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A Yankee in the Trenches R. Derby Holmes

Fascination Of Patrol Work

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"What the dickens can this be?" stuttered the corporal. "There's been no barrage. There's no orders for a charge. What is it? What is it?"

Well, there they were, going over, as many as two hundred of them--growling. The corporal and I climbed out of the trench at the rear, over the parados, and ran across lots down to a point opposite where the Canadians had gone over, and watched.

They swept across No Man's Land and into the Boche trench. There was the deuce of a ruckus over there for maybe two minutes, and then back they came--carrying something. Strangely enough there had been no machine-gun fire turned on them as they crossed, nor was there as they returned. They had cleaned that German trench! And they brought back the body of a man--nailed to a rude crucifix. The thing was more like a T than a cross. It was made of planks, perhaps two by five, and the man was spiked on by his hands and feet. Across the abdomen he was riddled with bullets and again with another row a little higher up near his chest. The man was the sergeant I had talked to earlier in the night. What had happened was this. He had, no doubt, been taken by a German patrol. Probably he had refused to answer questions. Perhaps he had insulted an officer. They had crucified him and held him up above the parapet. With the first light his own comrades had naturally opened on the thing with the Lewises, not knowing what it was. When it got lighter, and they recognized the hellish thing that had been done to one of their men, they went over. Nothing in this world could have stopped them.

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The M.O. who viewed the body said that without question the man had been crucified alive. Also it was said that the same thing had happened before.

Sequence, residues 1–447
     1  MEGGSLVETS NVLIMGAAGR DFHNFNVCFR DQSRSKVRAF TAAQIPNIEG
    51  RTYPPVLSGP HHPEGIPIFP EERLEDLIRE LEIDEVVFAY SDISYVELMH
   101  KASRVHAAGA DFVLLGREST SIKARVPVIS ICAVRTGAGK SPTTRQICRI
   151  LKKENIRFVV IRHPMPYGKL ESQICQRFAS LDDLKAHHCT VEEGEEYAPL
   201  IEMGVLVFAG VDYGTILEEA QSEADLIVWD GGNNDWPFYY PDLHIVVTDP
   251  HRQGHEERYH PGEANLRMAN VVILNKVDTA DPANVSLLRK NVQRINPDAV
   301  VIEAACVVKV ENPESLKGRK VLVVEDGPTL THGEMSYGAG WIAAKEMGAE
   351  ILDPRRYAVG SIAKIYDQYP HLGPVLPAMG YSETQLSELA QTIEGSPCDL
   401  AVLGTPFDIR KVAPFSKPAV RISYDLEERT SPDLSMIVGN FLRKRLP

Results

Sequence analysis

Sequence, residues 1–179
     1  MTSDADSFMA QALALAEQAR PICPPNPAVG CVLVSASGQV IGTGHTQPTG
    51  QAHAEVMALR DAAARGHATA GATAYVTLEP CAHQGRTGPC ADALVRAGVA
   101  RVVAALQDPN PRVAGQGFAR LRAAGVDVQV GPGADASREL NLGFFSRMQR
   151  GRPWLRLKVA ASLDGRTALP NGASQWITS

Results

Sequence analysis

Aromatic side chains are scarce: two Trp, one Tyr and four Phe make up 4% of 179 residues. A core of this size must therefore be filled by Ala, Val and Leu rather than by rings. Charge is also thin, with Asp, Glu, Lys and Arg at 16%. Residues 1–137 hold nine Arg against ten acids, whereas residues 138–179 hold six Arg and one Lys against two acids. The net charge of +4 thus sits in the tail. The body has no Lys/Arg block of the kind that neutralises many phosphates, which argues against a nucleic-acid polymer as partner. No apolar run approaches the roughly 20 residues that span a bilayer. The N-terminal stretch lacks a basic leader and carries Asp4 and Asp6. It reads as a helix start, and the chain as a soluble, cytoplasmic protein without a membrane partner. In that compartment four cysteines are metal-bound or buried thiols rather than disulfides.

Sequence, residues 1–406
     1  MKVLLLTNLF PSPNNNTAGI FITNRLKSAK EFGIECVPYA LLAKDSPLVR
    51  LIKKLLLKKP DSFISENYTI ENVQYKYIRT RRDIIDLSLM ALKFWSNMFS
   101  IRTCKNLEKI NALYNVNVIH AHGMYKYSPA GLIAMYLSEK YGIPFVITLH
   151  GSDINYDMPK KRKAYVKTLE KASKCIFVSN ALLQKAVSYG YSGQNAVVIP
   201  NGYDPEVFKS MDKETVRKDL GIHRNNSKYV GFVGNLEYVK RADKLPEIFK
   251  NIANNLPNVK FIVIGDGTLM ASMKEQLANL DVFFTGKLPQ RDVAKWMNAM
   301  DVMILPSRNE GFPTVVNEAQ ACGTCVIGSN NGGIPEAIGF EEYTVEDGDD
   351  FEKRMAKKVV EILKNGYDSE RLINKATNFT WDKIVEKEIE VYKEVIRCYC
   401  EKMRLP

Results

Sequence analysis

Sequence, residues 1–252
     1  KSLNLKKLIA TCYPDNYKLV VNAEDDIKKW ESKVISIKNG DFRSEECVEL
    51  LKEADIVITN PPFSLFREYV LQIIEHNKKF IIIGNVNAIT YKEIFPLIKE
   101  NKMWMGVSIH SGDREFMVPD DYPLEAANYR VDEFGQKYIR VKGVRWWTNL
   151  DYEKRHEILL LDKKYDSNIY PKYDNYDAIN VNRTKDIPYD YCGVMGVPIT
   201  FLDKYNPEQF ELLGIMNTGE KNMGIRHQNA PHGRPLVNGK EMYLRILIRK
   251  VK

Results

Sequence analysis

I told Captain Green of the occurrence when I got back to our own trenches, and he ordered me to keep silent, which I did. It was feared that if the affair got about the men would be "windy" on patrol. However, the thing did get about and was pretty well talked over. Too many saw it.

The Canadians were reprimanded for going over without orders. But they were not punished. For their officers went with them--led them.

Occasionally the temptation is too great. Once I was out on patrol alone, having sent my man back with a message, when I encountered a Heinie. I was lying down at the time. A flock of lights went up and showed this fellow standing about ten feet from me. He had frozen and stayed that way till the flares died, but I was close enough to see that he was a German. Also--marvel of marvels--he was alone.

When the darkness settled again, I got to my feet and jumped at him. He jumped at me--another marvel. Going into the clinch I missed him with the persuader and lost my grip on it, leaving the weapon dangling by the leather loop on my wrist. He had struck at me with his automatic, which I think he must have dropped, though I'm not sure of that. Anyway we fell into each other's arms and went at it barehanded. He was bigger than I. I got under the ribs and tried to squeeze the breath out of him, but he was too rugged.

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A Yankee in the Trenches
R. Derby Holmes

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